All hail the Court of Justice of the European Union! Here are two stories from the last week which show its central, and often overlooked, role.

The new Data Retention and Investigation Powers Bill, which has all-party support and will be railroaded through parliament within a few days, shows the court’s position as EU enforcer. The government claims that it is forced to take unusual emergency action because the court - in April, after a long lead-up period - declared the Data Retention Directive null and void.

I cannot resist saying a few more words about the proposed new bill, including an important quotation from the court’s judgment, which contains protections for lawyers that I hope will not be forgotten by the government in its rush to legislate.

The bill has not yet been published and is apparently just a few clauses long. It seems that it will deal only or in the main with metadata (that is, details such as the when, where and how long of the electronic communications that can be stored), rather than the content of the communication itself.

I offer the following advice, originally published by my organisation, the Council of Bars and Law Societies of Europe (CCBE), when the Data Retention Directive was itself about to be implemented, and which is likely to be entirely relevant to the new bill: ‘The fact of being able to know when, where, how and how many times a person consults his/her lawyer seriously challenges the confidentiality of the lawyer-client relationship and even the exercise of the right of defence itself … professional secrecy is not guaranteed when governments have eventual access to the retained data … the European parliament passed a legislative resolution at the same time as it passed the data retention directive.

‘The relevant part of this resolution of 14 December 2005 stressed the need to safeguard professional secrecy: The European parliament (…) 4. Considers that the member states have the right to apply their national constitutional principles and considers especially that professional secrecy will also be respected in the application of the present directive.’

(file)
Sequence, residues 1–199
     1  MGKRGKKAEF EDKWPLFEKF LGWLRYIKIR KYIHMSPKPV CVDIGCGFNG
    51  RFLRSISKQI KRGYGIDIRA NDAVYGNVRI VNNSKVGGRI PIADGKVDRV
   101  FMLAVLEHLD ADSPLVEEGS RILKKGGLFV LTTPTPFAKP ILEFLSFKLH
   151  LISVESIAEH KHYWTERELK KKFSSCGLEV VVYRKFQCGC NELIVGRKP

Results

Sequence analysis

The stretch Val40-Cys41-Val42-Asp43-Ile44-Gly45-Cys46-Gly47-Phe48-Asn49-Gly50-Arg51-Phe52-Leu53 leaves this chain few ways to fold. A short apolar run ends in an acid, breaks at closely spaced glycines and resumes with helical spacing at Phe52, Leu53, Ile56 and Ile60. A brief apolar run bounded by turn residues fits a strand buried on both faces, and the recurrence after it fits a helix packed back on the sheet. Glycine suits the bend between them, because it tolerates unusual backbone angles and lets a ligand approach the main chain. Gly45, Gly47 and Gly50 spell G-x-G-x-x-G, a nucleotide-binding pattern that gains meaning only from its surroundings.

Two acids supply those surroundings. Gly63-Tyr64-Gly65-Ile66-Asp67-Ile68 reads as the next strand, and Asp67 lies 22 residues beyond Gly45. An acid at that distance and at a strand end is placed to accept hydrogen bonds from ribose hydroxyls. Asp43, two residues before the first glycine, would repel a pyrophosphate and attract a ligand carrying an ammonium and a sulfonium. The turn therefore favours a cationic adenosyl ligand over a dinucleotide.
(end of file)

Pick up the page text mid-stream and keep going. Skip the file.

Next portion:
As for the court’s decision, I pointed out at the time of the annulment that paragraph 58 of the judgment specifically refers to the absence of protections in the original directive for professional secrecy: ‘Furthermore, it does not provide for any exception, with the result that it applies even to persons whose communications are subject, according to rules of national law, to the obligation of professional secrecy.’

I see that the Law Society has asked for ‘explicit legislative protection for legal professional privilege in legislation like RIPA’, and I hope therefore that some of the detail just given will be absorbed into the final act.

Here is the second story about the court’s position as enforcer. (For real court followers, I should point out that the General Court is currently consulting on draft new rules of procedure.) This second piece of news hints at the court’s likely position in any future settlement with the UK, should the UK withdraw from the EU.

‘We should become like Switzerland!’ many Eurosceptics cry – ‘Look at how they flourish outside the EU!’ Well, this week, the EU’s negotiating position with Switzerland was published, drawn up in the light of Swiss unrest over the EU free-movement provisions that it has in the past adopted. From that negotiating position, it is clear that, in order to ensure homogeneity and a level playing field in the single market, the Court of Justice is proposed as the body to settle disputes between the EU and Switzerland, and its decisions will therefore be binding on Switzerland.

Apparently, the Swiss government has accepted this.

Assuming that the same deal will be extended to the UK in the event of a Brexit, its terms should be made clear: a court over which Switzerland has no control, and to which it does not appoint judges, will decide on matters relating to Switzerland. If the UK were to leave the EU under these circumstances, we need to understand that our position will be the exact opposite of what Brexit supporters claim.

The UK will have turned itself from a sovereign state, able to contribute to the court (for instance, being consulted on its rules of procedure through the Council of Ministers, and by appointing a judge and advocate general) and become instead an EU colony, which is apparently how some Swiss see the proposed deal.

The court’s recently announced ‘right to be forgotten’ in relation to Google searches should not apply to the court itself. We must remember its central position, likely to be maintained whether we are in or out of the EU, and for so long as we remain in the single market.

Jonathan Goldsmith is secretary general of the Council of Bars and Law Societies of Europe, which represents around a million European lawyers through its member bars and law societies. He blogs weekly for the Gazette on European affairs